Friday, July 6, 2012

Holy Land: Nativity Basilica

May 23:  We returned to Bethlehem to enter the Basilica of the Nativity, which lays claim to being the oldest continuously operating Basilica in the world.  It is definitely the oldest in the Holy Land, because the current Church of the Holy Sepulchre was built in the 12th century after it was destroyed twice, in 614 by Persians and in 1009 by a mad Muslim ruler.
Legend says that the Persians who ruined the Sepulchre church did not destroy the Nativity Basilica in 614 because they saw at the entrance of the Basilica a mosaic of the Magi in Persian attire.
You enter the Basilica through the Humility Door, a very low door in which almost everybody has to bend to enter.  It reminds you of the low entrance of a cave as the birthplace of Christ.  The Basilica door was also made that way to prevent horses and camels from entering because some pilgrims and visitors did bring them in.

Similar to the Sepulchre Church, control of the Basilica is shared by three Christian denominations: Greek Orthodox, Roman Catholic, and Armenian and thus similar problems.  The Basilica looks badly in need of repair and restoration, but it cannot be done because the 3 groups cannot agree on the sharing of the expenses.
We had another guide, Salwa, a Palestinian American who told us that Pres. Abbas of the Palestinian Authority has decided that his government would be the one to spend for the restoration and that experts from Europe and North America have already been tapped for the purpose.

Much of the Basilica is in the control of the Greek Orthodox church, but the Franciscans have the beautiful St Catherine church right beside.  I saw a unique mosaic in the Franciscan church which I instructed my companions to photograph.  It was a mosaic of St Joseph holding the toddler Jesus together with two scrolls, presumably the Torah and the Prophets, with Jesus touching one of the scrolls.  What is usual is the Madonna and Child, but this Father and Toddler with Scrolls mosaic again reminds me of a father's duty to raise and educate his child in the faith.

We proceeded to the Chapel of St Helena, which our guide says goes back to the original Basilica built by Empress Helena.  The current Basilica was built by Emperor Justinian in 565 AD after the original was burned during the Samaritan Revolt of 529.
At the Chapel we had Mass with another Filipino pilgrim group.  Afterwards we proceeded to line up at the entrance to a cave under the Basilica altar.  At this cave, a silver star on the floor marks the spot where Jesus was born, and to the side is a small shrine that marks the spot where the manger was supposed to be.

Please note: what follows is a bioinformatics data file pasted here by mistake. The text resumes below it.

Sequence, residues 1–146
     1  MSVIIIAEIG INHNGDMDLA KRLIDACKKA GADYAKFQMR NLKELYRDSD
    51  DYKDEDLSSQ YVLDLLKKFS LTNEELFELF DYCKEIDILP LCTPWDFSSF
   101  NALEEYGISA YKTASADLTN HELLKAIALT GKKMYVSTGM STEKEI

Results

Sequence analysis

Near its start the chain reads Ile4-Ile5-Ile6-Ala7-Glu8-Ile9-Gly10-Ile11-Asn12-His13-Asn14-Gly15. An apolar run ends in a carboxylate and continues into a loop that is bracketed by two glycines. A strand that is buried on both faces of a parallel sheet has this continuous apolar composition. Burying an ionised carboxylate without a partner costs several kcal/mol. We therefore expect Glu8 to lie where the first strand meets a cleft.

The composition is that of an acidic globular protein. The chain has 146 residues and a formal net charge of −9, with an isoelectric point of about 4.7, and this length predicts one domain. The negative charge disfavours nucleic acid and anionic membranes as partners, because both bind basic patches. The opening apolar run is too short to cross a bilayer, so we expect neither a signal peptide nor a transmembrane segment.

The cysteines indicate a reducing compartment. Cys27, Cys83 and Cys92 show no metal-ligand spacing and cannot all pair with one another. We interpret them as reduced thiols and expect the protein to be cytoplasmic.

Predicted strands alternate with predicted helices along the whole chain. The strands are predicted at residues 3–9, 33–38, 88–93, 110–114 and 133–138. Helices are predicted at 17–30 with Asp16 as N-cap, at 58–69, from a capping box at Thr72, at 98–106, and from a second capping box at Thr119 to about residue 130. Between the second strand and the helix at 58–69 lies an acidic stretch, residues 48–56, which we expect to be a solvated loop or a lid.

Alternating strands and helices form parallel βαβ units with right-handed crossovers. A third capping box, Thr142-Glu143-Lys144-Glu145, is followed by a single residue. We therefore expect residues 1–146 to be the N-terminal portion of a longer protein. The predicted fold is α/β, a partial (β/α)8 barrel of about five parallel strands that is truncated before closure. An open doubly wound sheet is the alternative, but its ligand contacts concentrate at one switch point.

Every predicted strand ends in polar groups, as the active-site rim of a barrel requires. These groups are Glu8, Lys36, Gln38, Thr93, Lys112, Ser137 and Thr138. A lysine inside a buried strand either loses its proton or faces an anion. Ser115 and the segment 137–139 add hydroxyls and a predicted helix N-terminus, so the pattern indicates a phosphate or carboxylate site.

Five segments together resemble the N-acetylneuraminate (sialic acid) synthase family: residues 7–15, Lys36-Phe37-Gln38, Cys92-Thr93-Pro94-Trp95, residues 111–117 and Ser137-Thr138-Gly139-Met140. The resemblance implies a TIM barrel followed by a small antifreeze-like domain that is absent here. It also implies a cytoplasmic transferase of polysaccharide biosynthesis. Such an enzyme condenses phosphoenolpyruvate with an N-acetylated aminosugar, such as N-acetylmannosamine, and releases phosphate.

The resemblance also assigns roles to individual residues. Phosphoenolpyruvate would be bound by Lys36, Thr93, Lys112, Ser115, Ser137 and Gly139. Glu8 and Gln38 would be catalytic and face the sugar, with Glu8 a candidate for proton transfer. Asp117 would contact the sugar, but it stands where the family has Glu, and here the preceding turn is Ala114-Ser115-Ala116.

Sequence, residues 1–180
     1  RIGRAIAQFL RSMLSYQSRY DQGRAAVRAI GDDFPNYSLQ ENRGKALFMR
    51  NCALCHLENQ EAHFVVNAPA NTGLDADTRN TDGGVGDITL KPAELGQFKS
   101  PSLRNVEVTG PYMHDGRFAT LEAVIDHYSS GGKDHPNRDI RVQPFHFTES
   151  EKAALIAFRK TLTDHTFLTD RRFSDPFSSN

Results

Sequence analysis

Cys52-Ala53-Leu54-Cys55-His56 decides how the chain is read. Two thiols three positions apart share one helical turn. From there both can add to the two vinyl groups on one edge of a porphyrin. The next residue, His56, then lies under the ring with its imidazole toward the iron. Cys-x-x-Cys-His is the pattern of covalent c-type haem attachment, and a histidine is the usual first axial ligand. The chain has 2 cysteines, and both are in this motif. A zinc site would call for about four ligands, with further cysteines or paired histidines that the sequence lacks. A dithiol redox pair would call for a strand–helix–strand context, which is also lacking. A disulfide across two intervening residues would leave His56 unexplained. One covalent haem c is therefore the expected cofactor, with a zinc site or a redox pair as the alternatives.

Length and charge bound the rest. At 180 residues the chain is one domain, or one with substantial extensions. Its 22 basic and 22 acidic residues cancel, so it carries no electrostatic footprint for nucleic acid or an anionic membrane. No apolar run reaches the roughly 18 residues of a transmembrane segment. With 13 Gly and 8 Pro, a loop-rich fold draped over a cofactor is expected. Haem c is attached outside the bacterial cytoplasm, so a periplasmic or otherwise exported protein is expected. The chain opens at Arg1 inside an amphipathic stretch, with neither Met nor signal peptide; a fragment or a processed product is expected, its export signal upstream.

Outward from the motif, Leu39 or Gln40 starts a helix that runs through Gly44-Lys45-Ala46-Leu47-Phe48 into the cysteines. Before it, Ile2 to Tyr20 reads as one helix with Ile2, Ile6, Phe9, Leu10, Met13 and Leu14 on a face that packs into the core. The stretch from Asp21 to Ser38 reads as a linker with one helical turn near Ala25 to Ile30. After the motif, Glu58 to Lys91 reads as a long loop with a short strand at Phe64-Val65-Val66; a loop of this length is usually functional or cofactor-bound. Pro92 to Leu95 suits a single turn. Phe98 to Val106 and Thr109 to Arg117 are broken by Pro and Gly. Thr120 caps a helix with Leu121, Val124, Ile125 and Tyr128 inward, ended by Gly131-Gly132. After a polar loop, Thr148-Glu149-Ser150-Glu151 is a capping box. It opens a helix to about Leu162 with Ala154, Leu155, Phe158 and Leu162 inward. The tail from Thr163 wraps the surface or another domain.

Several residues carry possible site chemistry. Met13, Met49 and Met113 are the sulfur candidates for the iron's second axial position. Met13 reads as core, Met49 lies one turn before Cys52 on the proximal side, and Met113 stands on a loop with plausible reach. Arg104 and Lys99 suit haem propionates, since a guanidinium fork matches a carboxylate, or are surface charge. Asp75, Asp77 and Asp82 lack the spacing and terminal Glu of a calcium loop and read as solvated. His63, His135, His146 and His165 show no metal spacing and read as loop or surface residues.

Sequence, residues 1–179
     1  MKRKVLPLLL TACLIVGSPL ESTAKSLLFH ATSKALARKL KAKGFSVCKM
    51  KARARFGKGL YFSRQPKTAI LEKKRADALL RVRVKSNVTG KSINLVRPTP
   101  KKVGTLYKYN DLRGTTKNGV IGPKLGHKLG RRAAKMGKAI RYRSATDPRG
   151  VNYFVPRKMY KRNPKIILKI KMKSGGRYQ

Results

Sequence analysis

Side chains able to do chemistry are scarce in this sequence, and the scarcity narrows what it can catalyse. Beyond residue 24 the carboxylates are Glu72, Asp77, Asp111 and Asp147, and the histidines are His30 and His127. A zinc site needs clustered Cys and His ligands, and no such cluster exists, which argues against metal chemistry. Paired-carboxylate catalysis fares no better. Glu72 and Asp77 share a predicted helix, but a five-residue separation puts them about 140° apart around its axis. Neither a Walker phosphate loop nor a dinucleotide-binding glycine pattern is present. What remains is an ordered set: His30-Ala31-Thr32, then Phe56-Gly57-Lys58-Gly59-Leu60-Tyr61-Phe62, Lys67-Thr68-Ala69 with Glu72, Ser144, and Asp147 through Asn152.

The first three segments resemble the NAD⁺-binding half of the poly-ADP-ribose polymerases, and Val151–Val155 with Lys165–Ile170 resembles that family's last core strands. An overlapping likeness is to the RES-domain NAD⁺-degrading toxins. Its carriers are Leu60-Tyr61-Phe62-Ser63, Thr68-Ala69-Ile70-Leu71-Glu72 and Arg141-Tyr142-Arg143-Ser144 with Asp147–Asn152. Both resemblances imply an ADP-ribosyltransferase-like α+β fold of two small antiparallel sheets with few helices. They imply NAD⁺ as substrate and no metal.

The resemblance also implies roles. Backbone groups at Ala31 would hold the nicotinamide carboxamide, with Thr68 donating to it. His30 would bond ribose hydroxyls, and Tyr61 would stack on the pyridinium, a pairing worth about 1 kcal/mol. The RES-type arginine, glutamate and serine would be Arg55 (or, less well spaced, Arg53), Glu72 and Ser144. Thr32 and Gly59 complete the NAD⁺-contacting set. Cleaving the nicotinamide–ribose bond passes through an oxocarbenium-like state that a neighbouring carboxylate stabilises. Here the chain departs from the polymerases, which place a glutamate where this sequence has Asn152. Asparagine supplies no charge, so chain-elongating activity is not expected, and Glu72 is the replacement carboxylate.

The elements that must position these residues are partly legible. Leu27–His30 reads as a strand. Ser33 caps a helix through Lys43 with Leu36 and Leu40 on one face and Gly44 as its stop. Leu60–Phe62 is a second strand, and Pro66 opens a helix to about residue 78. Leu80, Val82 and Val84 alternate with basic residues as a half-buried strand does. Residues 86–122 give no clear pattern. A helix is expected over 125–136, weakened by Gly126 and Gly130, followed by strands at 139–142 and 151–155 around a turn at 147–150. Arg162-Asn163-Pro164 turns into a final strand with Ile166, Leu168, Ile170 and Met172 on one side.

The problems began.  We ended up waiting in line one and a half hours because the Armenians had a ceremony in which they were following a different clock, and afterwards a Minister of Belgium came with camera men and escorted by Palestinian police and he was given priority. Two groups were ahead of us, Indian Muslims from Bombay, and they were patient and well-behaved. The birthplace of Jesus is sacred also to Muslims because Jesus is acknowledged as a powerful prophet in Islam and his mother Mary's virginal conception of Jesus is narrated in the Koran.

What irritated many of us were the Russians right behind us.  Some of them were steadily pushing and apparently trying to sneak ahead in the line.  At a certain point, we held each other's hands and formed a cordon to prevent the Russian invasion.
Various tour groups accumulated into a long line, and so when we finally were able to enter the cave, the ushers were hurrying us.  So we ended up spending a rushed minute in the cave praying, touching the star and taking photos. Some expressed their sadness afterwards, for they did not feel the expected atmosphere of solemnity.

I was a bit stoic about the unfortunate experience.  For one, I tend towards the opinion of several critical historians who think that Jesus was most likely born in Nazareth because only the gospels of Matthew and Luke mention Bethlehem as his birthplace, while Mark and John affirm that Jesus was from Nazareth.  Also Matthew and Luke disagree on crucial details that it seems that the Bethlehem story was created to show that Jesus was indeed a descendant of king David, whose hometown was Bethlehem.

We had our best lunch so far at the Tent Restaurant with a view of the hillsides of Bethlehem. Starters were pita with 7 different kinds of dips.  That was already a tasty meal for us.  But they still served roasted chicken and a mixture of beef, lamb and pine nuts.  We had a refreshing lemon mint drink, but I tasted the only Palestinian beer, brewed in a Christian village, since alcohol is forbidden to Muslims.  The dessert, a baklava, was too sweet.

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